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Comment from the book world in December 2023

December 2023

'Self-publishing put the odds back in my favour'

18 December 2023

‘I looked at it as a numbers thing. There were hundreds, if not thousands of authors, submitting to the same agents every week. And although I was getting feedback that was positive, for me that didn't make logical sense because the odds were not in my favour...

Self-publishing put the odds back in my favour because it put it back in my control...

I've gone as far as I can go. I've got three series of police procedurals that are doing very well, but when you're an indie and you're advertising largely in the digital world, you're closing off an awful lot of other avenues where readers are. Now I just have to focus on the writing, which is - let's face it - the fun part.'

J M Dalgliesh, author and self-publisher of 22 police procedurals from The Misty Isle, Dark Yorkshire and Hidden Norfolk series, who has sold over 2m books and has now been taken on by a traditional publisher, in the Observer.



Books for teenagers

4 December 2023

'When I started writing in about 1990, publishers were very keen on the teenage market. They knew kids were spending money on music and that there were films for kids that age, but books somehow weren't quite happening. The fuss when Junk came out was because it really was a book for teenagers. If you're 14 or 15 or 16, of course you're thinking about sex and drugs and rock'n'roll, but there was a gap in what kids wanted to read and what was being produced for them; it was all right to pinch stuff surreptitiously from the adult world, but no adult was allowed to present it to you. That gap was one of the things Junk helped bridge. Before then, a book for teenagers would be more suitable for someone aged about 11. There's much more honesty now - books are tackling difficult issues in a realistic way.'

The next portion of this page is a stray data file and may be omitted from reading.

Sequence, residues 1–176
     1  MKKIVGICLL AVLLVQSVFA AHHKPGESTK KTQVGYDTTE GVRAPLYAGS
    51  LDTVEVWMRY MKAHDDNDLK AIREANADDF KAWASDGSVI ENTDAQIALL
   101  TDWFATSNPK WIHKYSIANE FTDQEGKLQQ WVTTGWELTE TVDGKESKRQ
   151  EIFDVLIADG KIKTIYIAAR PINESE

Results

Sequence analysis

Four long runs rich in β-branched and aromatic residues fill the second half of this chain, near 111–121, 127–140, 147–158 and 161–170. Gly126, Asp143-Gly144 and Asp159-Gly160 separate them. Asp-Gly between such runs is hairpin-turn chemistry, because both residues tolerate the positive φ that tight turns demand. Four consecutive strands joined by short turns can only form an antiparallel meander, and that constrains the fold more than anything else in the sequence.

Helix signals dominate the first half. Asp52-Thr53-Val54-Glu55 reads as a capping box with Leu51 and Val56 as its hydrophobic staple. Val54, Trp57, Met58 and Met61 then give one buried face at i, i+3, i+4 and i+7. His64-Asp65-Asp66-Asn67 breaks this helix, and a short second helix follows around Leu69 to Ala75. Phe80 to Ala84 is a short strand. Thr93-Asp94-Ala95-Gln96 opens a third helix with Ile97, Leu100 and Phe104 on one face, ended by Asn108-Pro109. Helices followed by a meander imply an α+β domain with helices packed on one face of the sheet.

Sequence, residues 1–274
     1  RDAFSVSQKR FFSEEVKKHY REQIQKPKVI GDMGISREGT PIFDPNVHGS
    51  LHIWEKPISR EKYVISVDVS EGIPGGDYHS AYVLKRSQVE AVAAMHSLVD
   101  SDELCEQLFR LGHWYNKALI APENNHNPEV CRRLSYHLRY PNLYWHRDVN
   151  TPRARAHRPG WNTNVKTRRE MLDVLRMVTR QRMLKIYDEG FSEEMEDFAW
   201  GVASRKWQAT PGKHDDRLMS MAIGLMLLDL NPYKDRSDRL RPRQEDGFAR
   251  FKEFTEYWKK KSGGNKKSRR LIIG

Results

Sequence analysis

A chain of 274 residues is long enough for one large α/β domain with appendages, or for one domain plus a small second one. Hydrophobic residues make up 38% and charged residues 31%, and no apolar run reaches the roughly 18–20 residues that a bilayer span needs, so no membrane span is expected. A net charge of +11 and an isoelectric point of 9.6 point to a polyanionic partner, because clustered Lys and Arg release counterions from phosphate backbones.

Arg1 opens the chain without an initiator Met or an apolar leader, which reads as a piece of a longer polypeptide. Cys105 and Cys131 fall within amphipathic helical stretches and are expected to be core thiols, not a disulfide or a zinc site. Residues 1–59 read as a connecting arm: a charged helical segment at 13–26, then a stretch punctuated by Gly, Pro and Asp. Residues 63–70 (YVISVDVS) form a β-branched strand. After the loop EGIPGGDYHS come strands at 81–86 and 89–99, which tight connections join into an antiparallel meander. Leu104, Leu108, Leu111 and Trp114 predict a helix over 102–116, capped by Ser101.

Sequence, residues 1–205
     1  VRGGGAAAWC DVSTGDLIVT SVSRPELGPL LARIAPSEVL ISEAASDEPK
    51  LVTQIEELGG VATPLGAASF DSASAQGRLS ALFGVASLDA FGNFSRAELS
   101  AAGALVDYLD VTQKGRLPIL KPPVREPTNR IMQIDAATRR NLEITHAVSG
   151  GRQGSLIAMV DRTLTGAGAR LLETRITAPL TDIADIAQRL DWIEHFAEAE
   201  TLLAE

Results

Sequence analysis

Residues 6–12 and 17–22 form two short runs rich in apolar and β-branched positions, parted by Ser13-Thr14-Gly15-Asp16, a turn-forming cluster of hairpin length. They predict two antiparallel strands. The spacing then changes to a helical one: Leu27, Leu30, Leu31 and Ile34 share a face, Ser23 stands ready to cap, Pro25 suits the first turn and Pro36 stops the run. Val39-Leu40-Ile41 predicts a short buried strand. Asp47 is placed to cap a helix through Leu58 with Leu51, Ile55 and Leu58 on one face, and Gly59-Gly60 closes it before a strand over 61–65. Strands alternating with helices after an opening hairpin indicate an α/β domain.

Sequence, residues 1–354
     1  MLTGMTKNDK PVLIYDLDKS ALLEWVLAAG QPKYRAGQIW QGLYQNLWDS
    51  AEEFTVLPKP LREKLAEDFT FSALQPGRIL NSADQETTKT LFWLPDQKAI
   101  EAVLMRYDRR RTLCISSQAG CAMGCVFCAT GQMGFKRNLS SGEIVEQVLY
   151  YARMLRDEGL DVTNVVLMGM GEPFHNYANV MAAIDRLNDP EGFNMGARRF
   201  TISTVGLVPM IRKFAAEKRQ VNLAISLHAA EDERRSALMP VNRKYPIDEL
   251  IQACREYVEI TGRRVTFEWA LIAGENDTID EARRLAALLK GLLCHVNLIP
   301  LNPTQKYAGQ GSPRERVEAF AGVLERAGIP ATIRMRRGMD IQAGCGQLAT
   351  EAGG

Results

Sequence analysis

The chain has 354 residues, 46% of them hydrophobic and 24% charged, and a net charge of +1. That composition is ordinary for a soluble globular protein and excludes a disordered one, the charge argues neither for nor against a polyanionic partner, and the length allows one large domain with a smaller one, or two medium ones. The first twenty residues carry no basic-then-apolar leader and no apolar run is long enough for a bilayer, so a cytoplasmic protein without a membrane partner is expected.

Melvin Burgess, author of YA classic Junk, Hunger and 12 other YA novels and a just-published adult novel, Loki.